By:William Jones Source: CGTN Published: 2020-12-09
The recent decision by the U.S. State Department to impose sanctions against 14 vice chairpersons of China's prestigious National People's Congress' Standing Committee is the latest – and most egregious – measure by the messianic Secretary of State Mike Pompeo to bring the U.S.-China relationship to the lowest level possible and restrict any attempted revival of a stable relationship in the next administration. The measure is totally unprecedented. Preventing top officials of a foreign government from visiting the United States (only a part of the sanctions) is really only something one would do with a country with which one was intent on breaking relations with, or in preparation for war.
But Pompeo is fully aware of the fact that he will probably not be in his present powerful position after January 20, 2021. So why the flurry of activity to target China now? Given the atmosphere of mistrust that has been created against China by Pompeo and the Trump administration during the last year, he no doubt feels that the worse he can make things today, the more difficult it will be for a new administration to put the relationship back on a stable footing. As the enemy retreats from the field, it is leaving a "scorched earth" for the victor.
And this is even more effective given that a Biden administration is not necessarily one that could be described as terribly "China-friendly." Biden will also no doubt take it upon himself to reassert the dwindling authority of the United States in the global arena. But he is not likely to adopt the unilateralist approach preferred by the Trump administration. He will try to rebuild trust among U.S. allies in the region, with Japan, and Australia and India in order to create a "united front" to confront a rising China, returning to the Indo-Pacific strategy of the Obama years. And in Europe, he will try to rebuild the stature of the U.S. among the NATO countries. But in doing this, he will have to also take into consideration the concerns of these countries about alienating China entirely.
And there may be a certain willingness to meet China halfway in bringing down the extreme tensions existing today. But here at home, the atmosphere has become so toxic, particularly in the U.S. Congress, where the anti-China bias will remain high regardless of the Georgia elections, that there will no doubt be push-back to such a policy. This will particularly be the case if the narrative of a "stolen election" remains predominant among Republicans. So, Pompeo will do everything he can to make that atmosphere even more toxic – and therefore more difficult to overcome.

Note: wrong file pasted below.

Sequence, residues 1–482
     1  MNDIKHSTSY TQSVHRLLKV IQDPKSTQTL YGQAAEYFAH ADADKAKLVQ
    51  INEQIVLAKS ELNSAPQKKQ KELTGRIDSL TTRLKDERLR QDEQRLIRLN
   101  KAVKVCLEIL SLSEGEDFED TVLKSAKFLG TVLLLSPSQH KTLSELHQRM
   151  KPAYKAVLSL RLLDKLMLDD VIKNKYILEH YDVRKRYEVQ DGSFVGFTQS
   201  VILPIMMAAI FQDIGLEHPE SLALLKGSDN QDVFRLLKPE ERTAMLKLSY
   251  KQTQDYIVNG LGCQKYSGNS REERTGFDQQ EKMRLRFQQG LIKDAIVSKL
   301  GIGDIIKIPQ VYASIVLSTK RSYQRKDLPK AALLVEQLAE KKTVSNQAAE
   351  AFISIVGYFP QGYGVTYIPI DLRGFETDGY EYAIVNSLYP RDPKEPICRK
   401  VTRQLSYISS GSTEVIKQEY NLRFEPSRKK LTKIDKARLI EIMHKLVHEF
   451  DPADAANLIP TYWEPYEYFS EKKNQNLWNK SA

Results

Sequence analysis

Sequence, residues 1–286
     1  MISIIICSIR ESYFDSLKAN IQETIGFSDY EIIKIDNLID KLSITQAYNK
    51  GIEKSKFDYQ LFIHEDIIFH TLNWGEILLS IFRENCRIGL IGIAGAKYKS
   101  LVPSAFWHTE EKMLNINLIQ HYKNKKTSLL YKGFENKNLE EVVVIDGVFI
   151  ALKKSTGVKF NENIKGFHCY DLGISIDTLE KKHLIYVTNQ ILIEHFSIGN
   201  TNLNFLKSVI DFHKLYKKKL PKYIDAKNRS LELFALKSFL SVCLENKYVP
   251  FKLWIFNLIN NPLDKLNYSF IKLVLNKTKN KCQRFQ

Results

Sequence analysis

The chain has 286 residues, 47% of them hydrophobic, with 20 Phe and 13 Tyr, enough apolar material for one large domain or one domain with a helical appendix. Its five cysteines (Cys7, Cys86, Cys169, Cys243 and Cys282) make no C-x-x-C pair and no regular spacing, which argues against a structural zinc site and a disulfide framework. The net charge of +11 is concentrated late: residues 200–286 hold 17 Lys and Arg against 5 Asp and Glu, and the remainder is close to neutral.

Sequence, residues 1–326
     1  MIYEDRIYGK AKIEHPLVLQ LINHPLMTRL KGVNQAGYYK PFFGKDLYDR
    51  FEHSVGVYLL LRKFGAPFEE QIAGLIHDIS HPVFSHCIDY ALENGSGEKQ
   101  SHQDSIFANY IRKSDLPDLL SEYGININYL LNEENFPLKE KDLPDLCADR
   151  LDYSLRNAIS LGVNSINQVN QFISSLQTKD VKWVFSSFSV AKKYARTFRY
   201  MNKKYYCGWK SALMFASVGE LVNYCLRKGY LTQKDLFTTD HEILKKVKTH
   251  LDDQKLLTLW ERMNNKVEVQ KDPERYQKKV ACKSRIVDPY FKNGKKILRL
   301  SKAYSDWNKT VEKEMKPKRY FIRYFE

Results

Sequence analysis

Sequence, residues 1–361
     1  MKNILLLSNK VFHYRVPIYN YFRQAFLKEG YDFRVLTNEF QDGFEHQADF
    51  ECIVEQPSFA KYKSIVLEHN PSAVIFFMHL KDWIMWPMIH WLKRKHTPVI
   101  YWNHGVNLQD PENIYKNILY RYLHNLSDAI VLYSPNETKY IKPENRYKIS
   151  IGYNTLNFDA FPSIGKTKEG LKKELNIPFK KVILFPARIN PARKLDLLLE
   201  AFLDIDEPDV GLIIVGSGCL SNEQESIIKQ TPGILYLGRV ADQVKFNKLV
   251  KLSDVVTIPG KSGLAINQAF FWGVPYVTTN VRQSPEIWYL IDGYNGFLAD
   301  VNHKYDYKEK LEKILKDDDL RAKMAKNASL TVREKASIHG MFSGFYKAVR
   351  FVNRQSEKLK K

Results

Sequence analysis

But while China will remain a major issue for U.S. policy-making for some time to come, it will probably not be on the front-burner for the new administration. Overcoming the COVID-19 pandemic, preventing more deaths and distributing a vaccine to the American people will be the number one task of the new administration, and one which will be hard-won. And, in connection with overcoming the pandemic, there will be the need to restore the health of the American economy, an issue that was a major goal of the Trump administration, but which floundered on the mistaken assumption that it was all a matter of trade, and that China, not U.S. policy, was the culprit.
Rebuilding American infrastructure is the key to economic growth, as has been shown most dramatically by the "rise" of China. And several decades of "benign neglect" by several administrations have left U.S. infrastructure in a very precarious condition. While foreign policy will certainly not be neglected, the issues of economic reconstruction in the post-pandemic era will be of paramount importance for the next administration.
And hopefully, a Biden administration will not return to the "benign neglect" of the Obama administration with regard to space policy, the key realm for reviving U.S. scientific and technological potential. While the Trump administration's Artemis program is not the equivalent of the Kennedy Apollo program, it is a start for the U.S. to return to space beyond Earth orbit. And China's successful launch of the Chang'e-5 should be a wake-up call that the traditional preeminence of the U.S. in space has now been called into question. And maybe if the new administration is successful in rebuilding a vibrant U.S. economy, it will restore U.S. confidence in itself, so that the U.S. can begin to deal with China on much more of an equal basis, rather than on the basis of irrational fears of a robust competitor.
William Jones is a Washington-based political analyst and a non-resident fellow of Chongyang Institute for Financial Studies. The article reflects the author's views, and not necessarily those of CGTN.
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Key Words： William Jones；Pompeo；China
I worked as a journalist for eight years, and have been the executive dean and professor of the Chongyang Institute, Renmin University of China, a leading think tank in China, also for eight years. These combined experiences give me confidence to speak about the relations between think tanks and the media.